« NLA media access hosts PDLN international licensing conference | Main | Celebrating diversity in journalism on International Women’s Day »

Protecting local newspaper content online

This year is the 20th anniversary of Local Newspaper Week, a celebration of the work done by local outlets and journalists in creating trusted and quality news that supports local communities.

In the past 20 years there has been a shift in how news is consumed, with more and more people turning to social media and online platforms to receive their news.

With this change to digital comes copyright threats in the online sphere as well as copycat websites that adjust the content, contributing to the rise in fake news. As a YouGov poll found earlier this year, local papers are considered the most credible source of regional news, ahead of local TV and radio (trusted by 73 per cent), and search engines (43 per cent). In order to maintain this trust, there is a behind-the-scenes battle to find and take down content that has been republished without permission, credit or copyright. Over just one week, approximately 2,700 articles from our publisher partners are cut and copied onto other sites. Furthermore, these sites then sell advertising space and make money from the pirated content.

Three years ago, NLA created our Online Article Tracking System (OATS) which searches and detects these instances of copyright abuse across vast quantities of online article data. OATS can analyse every article that’s produced by an online newspaper in the last two months, and then find cases of where these articles have been copied by a particular domain. To do this manually would take days of work. As well as this, using OATS also makes reporting and removing pirated content a faster process.

OATS detects and deals with a variety of copyright abuses which range from parts-of, to full articles, as well as photographs or captions that have been copied and posted without permission. The most common types of copyright abuse are:

  • Copying / lifting text from an online article and adding a credit to the name of the original publisher. This usually occurs because there is an ignorance around copyright law and terms and conditions. In our experience, once you notify the infringing domain, they remove the content.
  • Copying / lifting parts of (or all of) the text from an online article and not adding credit / linking to the original publisher. These sites tend to design the layout to look as though it's their own original work by their own reporters.
  • Occasionally, websites that replicate a major news site in terms of design and URL. Sometimes the content is kept the same however content can be changed, often altering it slightly which gives the article a new tone or message. These instances of slightly-altered content contribute to the issue of fake news.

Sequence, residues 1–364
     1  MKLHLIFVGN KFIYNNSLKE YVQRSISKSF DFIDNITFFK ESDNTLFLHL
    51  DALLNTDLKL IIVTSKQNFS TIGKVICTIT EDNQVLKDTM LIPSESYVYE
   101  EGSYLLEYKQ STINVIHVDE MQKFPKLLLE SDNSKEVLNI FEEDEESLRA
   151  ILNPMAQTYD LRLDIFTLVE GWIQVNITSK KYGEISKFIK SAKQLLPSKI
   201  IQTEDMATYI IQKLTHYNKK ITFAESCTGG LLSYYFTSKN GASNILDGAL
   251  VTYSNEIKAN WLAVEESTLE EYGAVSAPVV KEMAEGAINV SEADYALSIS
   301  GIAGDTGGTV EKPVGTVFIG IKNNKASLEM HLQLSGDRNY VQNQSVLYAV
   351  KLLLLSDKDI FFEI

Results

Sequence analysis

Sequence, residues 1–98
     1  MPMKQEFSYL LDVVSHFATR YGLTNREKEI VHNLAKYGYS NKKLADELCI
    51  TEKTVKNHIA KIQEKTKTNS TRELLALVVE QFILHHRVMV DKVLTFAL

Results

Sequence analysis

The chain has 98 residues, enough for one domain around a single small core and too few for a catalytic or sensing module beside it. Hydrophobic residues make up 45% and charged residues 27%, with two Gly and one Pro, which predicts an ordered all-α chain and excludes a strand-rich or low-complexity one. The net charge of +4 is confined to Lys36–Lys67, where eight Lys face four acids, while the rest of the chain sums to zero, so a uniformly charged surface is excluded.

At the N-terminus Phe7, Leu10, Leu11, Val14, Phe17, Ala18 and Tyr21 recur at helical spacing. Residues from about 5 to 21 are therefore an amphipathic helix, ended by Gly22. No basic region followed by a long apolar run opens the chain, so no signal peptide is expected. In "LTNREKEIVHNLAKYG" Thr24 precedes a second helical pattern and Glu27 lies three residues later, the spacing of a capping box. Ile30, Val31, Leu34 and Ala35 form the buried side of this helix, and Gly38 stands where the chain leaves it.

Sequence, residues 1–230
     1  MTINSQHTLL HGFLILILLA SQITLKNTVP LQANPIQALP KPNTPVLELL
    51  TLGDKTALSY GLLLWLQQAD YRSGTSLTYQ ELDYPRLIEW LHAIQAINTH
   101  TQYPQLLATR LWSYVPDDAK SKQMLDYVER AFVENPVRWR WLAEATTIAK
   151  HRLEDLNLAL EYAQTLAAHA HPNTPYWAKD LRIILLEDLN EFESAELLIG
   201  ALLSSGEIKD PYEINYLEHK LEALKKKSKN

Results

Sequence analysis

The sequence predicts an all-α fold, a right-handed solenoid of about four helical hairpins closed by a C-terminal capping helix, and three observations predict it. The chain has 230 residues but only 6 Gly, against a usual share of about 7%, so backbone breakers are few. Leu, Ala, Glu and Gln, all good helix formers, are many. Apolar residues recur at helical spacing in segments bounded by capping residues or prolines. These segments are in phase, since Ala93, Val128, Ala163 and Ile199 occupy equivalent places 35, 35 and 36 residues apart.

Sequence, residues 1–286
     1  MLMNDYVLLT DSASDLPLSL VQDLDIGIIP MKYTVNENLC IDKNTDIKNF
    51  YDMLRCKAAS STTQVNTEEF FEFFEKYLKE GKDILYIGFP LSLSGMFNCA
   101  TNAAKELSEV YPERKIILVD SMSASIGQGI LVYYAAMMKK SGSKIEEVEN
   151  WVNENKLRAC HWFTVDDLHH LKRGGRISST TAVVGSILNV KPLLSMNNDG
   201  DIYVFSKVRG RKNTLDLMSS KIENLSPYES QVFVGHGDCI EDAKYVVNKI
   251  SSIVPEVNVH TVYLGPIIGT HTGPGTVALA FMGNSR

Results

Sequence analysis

In most instances, we contact the domain hosting the copyrighted content directly, inform them that they are in breach of copyright and ask them to remove the content. This process reduces the chance of the same person and/or domain repeating the offence. However, if after multiple attempts we're unable to contact the owner of the domain, we contact the domain hosting provider and issue a Digital Millennium Copyright Act (DMCA) notice to remove the content.

Three years on, OATS is becoming a vital tool for both national and regional publishers to identify and communicate with the websites infringing on copyright. In 2016, we removed a total of 95,076 articles from 679 domains with a 79.98% success rate.  In 2017, these numbers grew even further with 98,643 articles removed from 867 domains with a 91.8% success rate.

Chris Lukins, OATS Manager at NLA media access comments “OATS has fast become an important tool for publishers, both national and regional, especially with the rise of fake news. Our success rate continues to increase year-on-year and in 2018, we will continue the fight for real news and support real journalism.”

Michael Pocock, Director of Content Partnerships, at ESI Media (whose portfolio includes The Independent, Evening Standard and ES Magazine), said of working with NLA media access: “NLA discovered and removed over 13,000 individual articles that had been lifted from The Independent and Evening Standard websites across 2017 and republished on over 100 infringing websites without our permission. OATS has been a great resource for identifying these illegal usages and provides a solution that allows multiple publishers to efficiently and proactively address such copyright infringement without the extensive resource that would be necessary to cater for that individually.”